Labeled ‘Don’t Say Gay’ bill: Is Gov. DeSantis right to sign?
- On March 28, 2022, Governor Ron DeSantis signed the “Parental Rights in Education” bill that opponents have labeled the “Don’t Say Gay” bill, taking issue with the portion that says, “classroom instruction by school personnel or third parties on sexual orientation or gender identity may not occur in kindergarten through grade 3 or in a manner that is not age appropriate or developmentally appropriate for students in accordance with state standards.”
- The Florida bill mentions the word ‘parent’ 32 times, ‘parental’ eight times, and ‘gay’ zero times.
- A March 2022 Politico/Morning Consult poll found that most Floridians support the bill (50%), while 34% oppose it out of 2,005 voters. Likewise, a
- A February 2022 Gallup report says LGBTQ identification in the US has ticked up to 7.1%, up from 5.6% in 2021 and 3.5% in 2012, with nearly 21% of Gen Z (those born between 1997 and 2003) identifying as LGBTQ. Bisexuality was the most common sexual identity claimed among LGBTQ Americans, coming in at 57%.
- According to John Hopkins Medicine, childrens’ sexual development begins in a child’s first years, even infancy. Children start to have a sense of gender awareness by the age of 2 or 3, and become curious about pregnancy and the differences in bodies by preschool.
The bill that Florida Governor Ron DeSantis signed into law is actually officially called the Parental Rights in Education bill. The 'Don't Say Gay' part is derisive propaganda created by Democrats in Florida, then echoed by their party around the country and in the halls of Congress, and then furthered by the White House, all in an attempt to slander a perfectly reasonable Republican bill and to mislead the public. The Democrat party's enablers in the media, even some conservative outlets, dutifully picked up the misleading nickname and ran with it.
The word 'gay' doesn't appear in the bill at all. Neither does the word 'straight.' The bill, however, does prohibit Florida educators from teaching sexual orientation and gender identity to impressionable children aged four to eight. Meaning there shall be no classroom curriculum about gay, straight, bi-sexual, transexual, or any other sexual orientations or confusing gender ideology for children between this age. This is a position wholly uncontroversial until about five minutes ago. Kids that age are no more aware of sexuality than they are of the geopolitical implications of war abroad. Teachers should not be in the business of sexualizing their students at any age.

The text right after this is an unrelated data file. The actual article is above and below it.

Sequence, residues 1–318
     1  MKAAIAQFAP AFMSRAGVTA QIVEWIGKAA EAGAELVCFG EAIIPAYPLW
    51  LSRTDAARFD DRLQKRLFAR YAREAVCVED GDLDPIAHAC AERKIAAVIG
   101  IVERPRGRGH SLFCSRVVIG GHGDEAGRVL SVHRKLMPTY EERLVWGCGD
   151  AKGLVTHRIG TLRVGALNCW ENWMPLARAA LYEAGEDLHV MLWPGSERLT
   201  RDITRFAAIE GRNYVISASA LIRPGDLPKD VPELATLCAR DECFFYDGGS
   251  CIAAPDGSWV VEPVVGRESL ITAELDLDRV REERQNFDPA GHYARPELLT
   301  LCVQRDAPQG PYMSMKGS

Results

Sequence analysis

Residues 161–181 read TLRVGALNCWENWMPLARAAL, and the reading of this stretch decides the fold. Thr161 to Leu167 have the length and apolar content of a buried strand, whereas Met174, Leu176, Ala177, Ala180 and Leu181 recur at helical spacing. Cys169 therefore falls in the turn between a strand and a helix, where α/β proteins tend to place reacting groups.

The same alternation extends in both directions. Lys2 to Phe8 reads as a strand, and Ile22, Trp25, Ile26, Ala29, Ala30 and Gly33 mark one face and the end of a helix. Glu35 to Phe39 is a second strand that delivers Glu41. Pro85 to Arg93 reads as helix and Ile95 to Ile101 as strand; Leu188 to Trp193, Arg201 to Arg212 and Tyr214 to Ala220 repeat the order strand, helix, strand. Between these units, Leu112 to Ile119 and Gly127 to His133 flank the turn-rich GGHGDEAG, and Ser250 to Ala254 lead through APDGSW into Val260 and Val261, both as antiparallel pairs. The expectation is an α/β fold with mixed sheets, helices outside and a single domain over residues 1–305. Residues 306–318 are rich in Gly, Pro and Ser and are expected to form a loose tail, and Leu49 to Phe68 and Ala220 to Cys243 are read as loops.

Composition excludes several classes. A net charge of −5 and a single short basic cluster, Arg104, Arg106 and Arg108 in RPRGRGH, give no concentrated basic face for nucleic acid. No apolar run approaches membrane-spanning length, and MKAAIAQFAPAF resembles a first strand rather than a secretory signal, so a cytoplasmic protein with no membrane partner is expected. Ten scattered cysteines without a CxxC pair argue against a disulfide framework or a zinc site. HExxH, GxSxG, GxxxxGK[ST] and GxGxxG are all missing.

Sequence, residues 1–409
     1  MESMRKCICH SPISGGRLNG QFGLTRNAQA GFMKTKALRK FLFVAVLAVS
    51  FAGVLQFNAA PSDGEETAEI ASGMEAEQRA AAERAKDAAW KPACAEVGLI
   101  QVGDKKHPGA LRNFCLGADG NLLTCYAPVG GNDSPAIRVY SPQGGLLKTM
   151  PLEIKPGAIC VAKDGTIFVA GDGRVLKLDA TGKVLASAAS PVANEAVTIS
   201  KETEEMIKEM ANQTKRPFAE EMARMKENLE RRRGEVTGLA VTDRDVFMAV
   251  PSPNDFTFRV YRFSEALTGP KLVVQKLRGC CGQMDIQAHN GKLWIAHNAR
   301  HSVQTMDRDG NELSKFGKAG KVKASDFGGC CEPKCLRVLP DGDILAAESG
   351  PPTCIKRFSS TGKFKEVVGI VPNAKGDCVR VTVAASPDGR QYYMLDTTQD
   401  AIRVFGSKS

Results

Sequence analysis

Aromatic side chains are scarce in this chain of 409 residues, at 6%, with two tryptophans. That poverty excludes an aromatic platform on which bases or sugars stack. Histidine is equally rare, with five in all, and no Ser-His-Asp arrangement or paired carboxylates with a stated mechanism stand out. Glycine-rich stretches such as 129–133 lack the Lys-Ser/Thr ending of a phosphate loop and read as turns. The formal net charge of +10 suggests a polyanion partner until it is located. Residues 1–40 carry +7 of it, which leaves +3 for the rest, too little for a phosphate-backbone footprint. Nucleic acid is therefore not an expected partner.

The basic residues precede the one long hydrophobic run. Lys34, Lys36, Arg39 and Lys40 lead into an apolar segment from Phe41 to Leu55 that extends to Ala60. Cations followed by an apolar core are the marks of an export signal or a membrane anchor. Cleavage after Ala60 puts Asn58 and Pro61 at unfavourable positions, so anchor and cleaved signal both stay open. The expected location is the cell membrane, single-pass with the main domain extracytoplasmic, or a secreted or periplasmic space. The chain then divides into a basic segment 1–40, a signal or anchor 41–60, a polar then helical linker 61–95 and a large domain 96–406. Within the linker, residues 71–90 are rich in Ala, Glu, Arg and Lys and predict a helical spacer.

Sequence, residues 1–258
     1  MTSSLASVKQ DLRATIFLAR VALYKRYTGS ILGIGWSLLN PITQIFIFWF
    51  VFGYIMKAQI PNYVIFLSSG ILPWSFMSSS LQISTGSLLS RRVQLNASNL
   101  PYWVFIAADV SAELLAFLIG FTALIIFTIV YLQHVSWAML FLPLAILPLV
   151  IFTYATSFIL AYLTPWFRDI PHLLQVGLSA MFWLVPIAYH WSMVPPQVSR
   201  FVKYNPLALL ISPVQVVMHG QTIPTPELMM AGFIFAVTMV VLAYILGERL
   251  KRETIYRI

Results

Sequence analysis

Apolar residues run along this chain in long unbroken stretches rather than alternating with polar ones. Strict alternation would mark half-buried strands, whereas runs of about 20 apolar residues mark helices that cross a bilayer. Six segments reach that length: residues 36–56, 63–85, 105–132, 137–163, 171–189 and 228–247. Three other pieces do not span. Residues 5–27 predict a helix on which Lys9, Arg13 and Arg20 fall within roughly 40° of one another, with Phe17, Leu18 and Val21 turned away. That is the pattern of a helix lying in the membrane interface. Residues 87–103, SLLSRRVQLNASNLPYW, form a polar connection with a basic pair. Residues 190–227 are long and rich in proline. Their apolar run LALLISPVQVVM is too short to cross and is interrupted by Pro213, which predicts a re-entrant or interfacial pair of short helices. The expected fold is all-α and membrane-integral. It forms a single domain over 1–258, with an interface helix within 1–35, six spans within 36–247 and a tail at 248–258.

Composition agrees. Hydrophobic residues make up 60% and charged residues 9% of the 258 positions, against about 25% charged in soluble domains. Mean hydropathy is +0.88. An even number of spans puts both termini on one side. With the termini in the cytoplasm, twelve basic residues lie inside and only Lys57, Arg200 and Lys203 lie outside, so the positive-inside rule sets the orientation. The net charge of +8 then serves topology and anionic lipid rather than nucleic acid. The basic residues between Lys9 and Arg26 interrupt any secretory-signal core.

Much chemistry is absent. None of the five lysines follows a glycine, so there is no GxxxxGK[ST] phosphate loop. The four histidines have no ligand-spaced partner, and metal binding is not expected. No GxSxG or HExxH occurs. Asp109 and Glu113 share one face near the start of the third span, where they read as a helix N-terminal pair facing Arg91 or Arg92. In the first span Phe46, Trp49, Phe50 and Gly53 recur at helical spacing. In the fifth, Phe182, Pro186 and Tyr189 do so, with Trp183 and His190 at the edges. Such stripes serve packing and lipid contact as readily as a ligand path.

The bill also gives parents some rights by preventing teachers and school staff from withholding information about gender issues from parents. Again, a position that should be utterly uncontroversial unless one's goal is indoctrination, not education. The bill is neither hatred, bullying, nor discrimination. To claim it is just nonsense. What is nonsense is to believe that parents should have no input over what their children are taught each day in the classroom.
Florida Governor Ron DeSantis's decision to sign off on Florida's so-called 'Dont Say Gay' bill is utterly irresponsible and will cause nothing but tension and disappointment in the LGBTQ community. His decision appears to be an attempt to draw a line in the sand between his supporters and others.
There is little evidence to prove that kindergarteners were being taught about different sexualities. This issue has been brought to light simply to stir controversy from both sides. Many see this as an attempt by DeSantis intending to gaslight his supporters into thinking something bad is happening in the schools that is not. This rhetoric is dangerous, and the fact that it is being put into legislation should generate serious concern.
42% of LGBT youth contemplated suicide during the pandemic. The fact that their personal lives are being hidden and looked down upon in their learning environments can contribute to that. While it is not common for schools to introduce this topic, the simple fact that it is banned in earlier grades may be discouraging to LGBTQ students. These children may not feel as comfortable seeking advice or guidance from a counselor or teacher since they are being looked down upon.
The bill intends to place the responsibility of these conversations on the parents. However, if the parents aren't accepting of their child's sexuality or gender identity, that can be counterproductive. 39% of parents said in a 2015 poll that finding out that their child is gay would upset them. If children aren't able to talk about their lives to their family or at school, they are left with little outlets to talk about their feelings.